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Can Competitors Attack Your Site With SEO?

Lately, there’s been much debate on whether Google penalizes bad/low-quality links OR if they simply de-value them. With every algorithm update, there is more speculation. The argument is that Google can’t (or shouldn’t) penalize outside factors, such as links, that can be created by virtually anyone – including your competitors.

This is where the notion of negative SEO comes into play. Since frantic webmasters are scrambling to avoid over optimization penalties, what’s to stop the really vindictive ones to use these tactics against a competitor?

If you’re interested in reading this long thread, 2 users posted a case study about their experiment on using “negative SEO” techniques to cause 2 sites to tank in just a few weeks. They post rankings of specific keywords before and after their link bombs and the 2 targets suffered accordingly. If this experiment really holds true, this means that competitors can focus on penalizing your site instead of optimizing theirs. Rand from seoMOZ eventually joined in on the conversation and even offered his site as an experiment for negative SEO.

On one side, this is terrifying news and imagine all the possibilities! Competitors can spend a few hundred dollars a month to send crummy links to your site, buy social mentions, submit false/wrong information to automated local citation services and more. This is all in the realm of possibility… but others argue that negative SEO alone cannot bring down a site that has been thriving solely using white hat techniques.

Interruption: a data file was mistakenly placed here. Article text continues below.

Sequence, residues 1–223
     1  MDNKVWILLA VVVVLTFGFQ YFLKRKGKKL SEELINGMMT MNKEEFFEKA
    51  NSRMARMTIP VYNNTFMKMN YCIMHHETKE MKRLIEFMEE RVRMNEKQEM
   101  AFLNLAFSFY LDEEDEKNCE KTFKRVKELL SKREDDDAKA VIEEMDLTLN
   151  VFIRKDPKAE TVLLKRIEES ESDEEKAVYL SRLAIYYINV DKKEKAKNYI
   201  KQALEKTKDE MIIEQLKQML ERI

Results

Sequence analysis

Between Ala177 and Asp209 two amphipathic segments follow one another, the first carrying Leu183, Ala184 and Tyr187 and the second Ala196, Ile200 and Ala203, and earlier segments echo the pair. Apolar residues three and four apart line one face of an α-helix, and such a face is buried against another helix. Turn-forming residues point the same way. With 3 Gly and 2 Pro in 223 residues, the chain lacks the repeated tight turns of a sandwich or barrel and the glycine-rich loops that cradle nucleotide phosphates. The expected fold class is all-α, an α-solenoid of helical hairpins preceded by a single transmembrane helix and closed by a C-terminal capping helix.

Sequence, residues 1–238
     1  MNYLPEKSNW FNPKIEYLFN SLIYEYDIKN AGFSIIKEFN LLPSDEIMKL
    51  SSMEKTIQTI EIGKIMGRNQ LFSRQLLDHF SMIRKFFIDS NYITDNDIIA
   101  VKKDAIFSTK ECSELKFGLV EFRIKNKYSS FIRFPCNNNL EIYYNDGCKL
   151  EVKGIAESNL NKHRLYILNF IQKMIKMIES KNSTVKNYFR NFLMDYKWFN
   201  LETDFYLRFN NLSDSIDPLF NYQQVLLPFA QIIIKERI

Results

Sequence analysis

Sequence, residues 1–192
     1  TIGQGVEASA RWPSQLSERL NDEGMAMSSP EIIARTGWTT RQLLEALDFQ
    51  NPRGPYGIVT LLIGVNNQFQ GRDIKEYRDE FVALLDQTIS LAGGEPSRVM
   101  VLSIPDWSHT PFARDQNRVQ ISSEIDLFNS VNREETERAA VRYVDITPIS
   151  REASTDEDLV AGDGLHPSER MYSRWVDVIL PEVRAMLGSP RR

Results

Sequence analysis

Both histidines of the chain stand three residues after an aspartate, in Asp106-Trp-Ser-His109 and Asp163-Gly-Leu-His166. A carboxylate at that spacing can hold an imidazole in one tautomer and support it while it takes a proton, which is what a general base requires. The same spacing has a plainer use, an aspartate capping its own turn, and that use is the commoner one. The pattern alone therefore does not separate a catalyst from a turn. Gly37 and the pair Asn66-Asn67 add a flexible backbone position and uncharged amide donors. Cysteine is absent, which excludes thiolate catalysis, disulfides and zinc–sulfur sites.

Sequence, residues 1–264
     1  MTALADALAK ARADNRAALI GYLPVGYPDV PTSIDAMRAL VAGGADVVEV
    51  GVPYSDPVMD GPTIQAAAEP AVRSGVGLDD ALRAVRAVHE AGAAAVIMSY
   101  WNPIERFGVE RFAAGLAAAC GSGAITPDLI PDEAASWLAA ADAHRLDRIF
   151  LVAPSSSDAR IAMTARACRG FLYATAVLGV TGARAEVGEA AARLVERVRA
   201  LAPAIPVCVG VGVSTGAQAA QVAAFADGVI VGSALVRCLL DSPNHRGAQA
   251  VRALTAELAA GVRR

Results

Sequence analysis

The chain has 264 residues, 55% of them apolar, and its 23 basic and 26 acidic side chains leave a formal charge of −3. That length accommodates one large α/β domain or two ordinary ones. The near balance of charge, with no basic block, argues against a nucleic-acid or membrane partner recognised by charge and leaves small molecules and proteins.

The best thing you can do is to keep an eye out on the search marketing newsphere. Keep this information on your radar so that you know what’s going on and when. It’s also important to keep tabs on your site via analytics and check them regularly for any drastic and unnatural changes – like say a couple thousand incoming links from irrelevant sites! It also helps to check your rankings (with a service like Authority Labs) or even keep Google Alerts so that you’re aware of mentions and if anything else unusual occurs.

For now, we’ll have to stay tuned to see how this negative SEO experiment turns out. In the mean time, SEOs around the world are awaiting Google’s official word on this topic. This idea of manipulating a competitor’s link profile is controversial but relatively low-key (for now) but what if it catches on with more and companies attacking each other? Do you think that Google will wait until then to make an announcement or change the way that they value bad incoming links?

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